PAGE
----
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Article
Publication date: 28 June 2023

Danielle Filipiak and Limarys Caraballo

This paper aims to examine critical, college-going identities and literacies of first-generation immigrant youth within a dual enrollment, youth participatory action research…

Abstract

Purpose

This paper aims to examine critical, college-going identities and literacies of first-generation immigrant youth within a dual enrollment, youth participatory action research seminar.

Design/methodology/approach

This study is a qualitative case study drawn from a larger, critical ethnographic study.

Findings

Findings illustrate that youth’s multiple literacies, forged in a deliberately intergenerational and relational space, served as a powerful site of analysis as well as a means to disrupt restrictive definitions of success, supporting youth’s worldmaking amidst the construction and negotiation of new and critical “academic” identities grounded in the familial, cultural and historical knowledges that their inquiries surfaced.

Originality/value

This research attends to the transformative power afforded by humanizing collectives that center youth voices and perspectives, specifically those of first-generation immigrant students.

Details

English Teaching: Practice & Critique, vol. 22 no. 3
Type: Research Article
ISSN: 1175-8708

Keywords

Article
Publication date: 16 August 2021

Richard Beach and Limarys Caraballo

Unlike formalist and functional approaches to literacy and teaching writing, a languaging theory approach centers on the dynamic and interpersonal nature of writing. The purpose…

Abstract

Purpose

Unlike formalist and functional approaches to literacy and teaching writing, a languaging theory approach centers on the dynamic and interpersonal nature of writing. The purpose of this study was to determine students’ ability to engage in explicit reflection about their languaging actions in response to their personal narrative writing to determine those types of actions they were most versus less likely to focus on for enacting relations with others, as well as how they applied their reflections to subsequent interactions with others.

Design/methodology/approach

In this qualitative study, thirty seven 12th grade students were asked to write personal narratives and then reflect in writing on their use of languaging actions in their narratives based on specific prompts. Students’ explicit reflections about their narratives were coded based on their reference to seven different types of languaging actions for enacting relations with others.

Findings

Students were most likely to focus their reflections on making connections, understandings, collaboration and support by and for others as well as expression of emotions, getting feelings out, sharing issues; followed by references to conflicts, arguing, stress, negative perceptions or exclusion; references to ideas or impressions about ethics, respect, values, morals; use of “insider language;” slang, jargon, dialects; use of humor, joking, parody; and references to adult and authorities’ perceptions or influences.

Research limitations/implications

This research was limited to students’ portrayals of their languaging actions through writing as opposed to observations of their lived-world interactions with others.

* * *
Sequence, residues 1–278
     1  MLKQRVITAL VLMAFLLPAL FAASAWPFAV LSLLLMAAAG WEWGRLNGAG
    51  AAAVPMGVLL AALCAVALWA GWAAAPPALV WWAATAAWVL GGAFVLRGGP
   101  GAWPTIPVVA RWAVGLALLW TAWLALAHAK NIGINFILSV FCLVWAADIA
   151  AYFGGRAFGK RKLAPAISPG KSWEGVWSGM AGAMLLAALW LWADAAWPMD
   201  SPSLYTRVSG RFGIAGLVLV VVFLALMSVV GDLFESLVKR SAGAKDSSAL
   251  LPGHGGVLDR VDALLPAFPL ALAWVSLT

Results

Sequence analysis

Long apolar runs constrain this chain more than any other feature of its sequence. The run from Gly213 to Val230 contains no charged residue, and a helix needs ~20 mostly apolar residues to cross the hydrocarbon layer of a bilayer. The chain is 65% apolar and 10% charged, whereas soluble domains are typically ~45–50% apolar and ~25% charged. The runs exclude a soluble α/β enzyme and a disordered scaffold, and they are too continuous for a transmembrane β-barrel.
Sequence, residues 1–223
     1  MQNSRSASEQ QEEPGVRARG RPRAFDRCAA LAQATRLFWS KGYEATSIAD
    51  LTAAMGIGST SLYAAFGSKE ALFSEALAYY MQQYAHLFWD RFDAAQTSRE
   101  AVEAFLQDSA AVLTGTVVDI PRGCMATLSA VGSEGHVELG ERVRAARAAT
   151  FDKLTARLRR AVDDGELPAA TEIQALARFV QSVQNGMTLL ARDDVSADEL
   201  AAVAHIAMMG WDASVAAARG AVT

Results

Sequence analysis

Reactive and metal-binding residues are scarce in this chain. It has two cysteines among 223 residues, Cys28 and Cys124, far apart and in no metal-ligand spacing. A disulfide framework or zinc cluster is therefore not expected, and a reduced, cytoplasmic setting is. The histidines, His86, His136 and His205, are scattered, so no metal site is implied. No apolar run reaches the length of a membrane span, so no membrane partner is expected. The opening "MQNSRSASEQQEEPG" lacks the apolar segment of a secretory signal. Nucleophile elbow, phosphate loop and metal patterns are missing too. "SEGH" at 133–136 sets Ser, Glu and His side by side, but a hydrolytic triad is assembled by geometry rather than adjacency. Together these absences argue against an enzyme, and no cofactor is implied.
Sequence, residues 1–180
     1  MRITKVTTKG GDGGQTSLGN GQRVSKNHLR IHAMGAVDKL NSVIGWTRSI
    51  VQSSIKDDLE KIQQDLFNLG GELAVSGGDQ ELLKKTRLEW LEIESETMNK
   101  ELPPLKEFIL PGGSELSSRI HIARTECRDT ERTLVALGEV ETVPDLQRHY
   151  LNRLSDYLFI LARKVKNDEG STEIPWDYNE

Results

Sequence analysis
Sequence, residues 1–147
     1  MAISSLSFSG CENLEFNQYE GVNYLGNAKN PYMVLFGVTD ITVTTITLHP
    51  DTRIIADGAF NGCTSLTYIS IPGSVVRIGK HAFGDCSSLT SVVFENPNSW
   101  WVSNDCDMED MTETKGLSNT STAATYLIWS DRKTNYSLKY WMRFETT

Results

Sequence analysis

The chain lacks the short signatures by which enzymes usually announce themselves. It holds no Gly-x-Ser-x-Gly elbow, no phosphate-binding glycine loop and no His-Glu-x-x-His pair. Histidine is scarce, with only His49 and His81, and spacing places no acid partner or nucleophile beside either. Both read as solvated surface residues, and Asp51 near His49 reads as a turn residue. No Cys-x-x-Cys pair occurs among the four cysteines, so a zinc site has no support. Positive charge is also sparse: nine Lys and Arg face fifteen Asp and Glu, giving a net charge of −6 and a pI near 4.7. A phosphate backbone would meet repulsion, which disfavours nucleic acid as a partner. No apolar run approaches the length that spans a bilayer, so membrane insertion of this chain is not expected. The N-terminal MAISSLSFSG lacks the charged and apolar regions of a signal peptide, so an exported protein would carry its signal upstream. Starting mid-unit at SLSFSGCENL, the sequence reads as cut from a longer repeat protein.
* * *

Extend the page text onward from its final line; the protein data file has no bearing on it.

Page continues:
Practical implications

These results suggest the value of having students engage in explicit reflections about their languaging actions portrayed in narratives as contributing to their growth in use of languaging actions for enacting relations with others.

Social implications

Students’ ability to reflect on their language actions enhances their ability to enact social relations.

Originality/value

A languaging perspective provides an alternative approach for analyzing reflections on types of languaging actions.

Details

English Teaching: Practice & Critique, vol. 20 no. 4
Type: Research Article
ISSN: 1175-8708

Keywords

Abstract

Details

English Teaching: Practice & Critique, vol. 22 no. 3
Type: Research Article
ISSN: 1175-8708

Article
Publication date: 16 March 2022

Jordan Bell and Karen Zaino

There is currently a dearth of research on the implications of the epistolary as a site for knowledge production. This paper aims to demystify the process of academic theorizing…

Abstract

Purpose

There is currently a dearth of research on the implications of the epistolary as a site for knowledge production. This paper aims to demystify the process of academic theorizing through the co-authors’ co-excavative epistolary method.

Design/methodology/approach

Through co-excavative epistolary practices, the co-authors’ relationship was deepened, the collective sense was made of Covid-19, and racial literacy-centered academic theorizing commenced. In the co-authors making meaning of their letter-writing data, they provide examples of and analyze their co-excavative letter-writing process.

Findings

The co-excavative epistolary method deepened the co-authors’ relationship to one another and improved their ability to produce useful and complicated knowledge.

Research limitations/implications

The co-excavative epistolary exchanges mark a new site for academic theorizing and incite creative approaches to academic co-writing, as well as more transparency about the academic writing process in general.

Social implications

Co-excavative methods disrupt traditional academic sites of knowledge production and engender space for relational intimacy.

Originality/value

The work introduces both a new method, co-excavative epistolary writing and a new rational framework, the critical dignity relational framework.

Details

Journal for Multicultural Education, vol. 16 no. 4
Type: Research Article
ISSN: 2053-535X

Keywords

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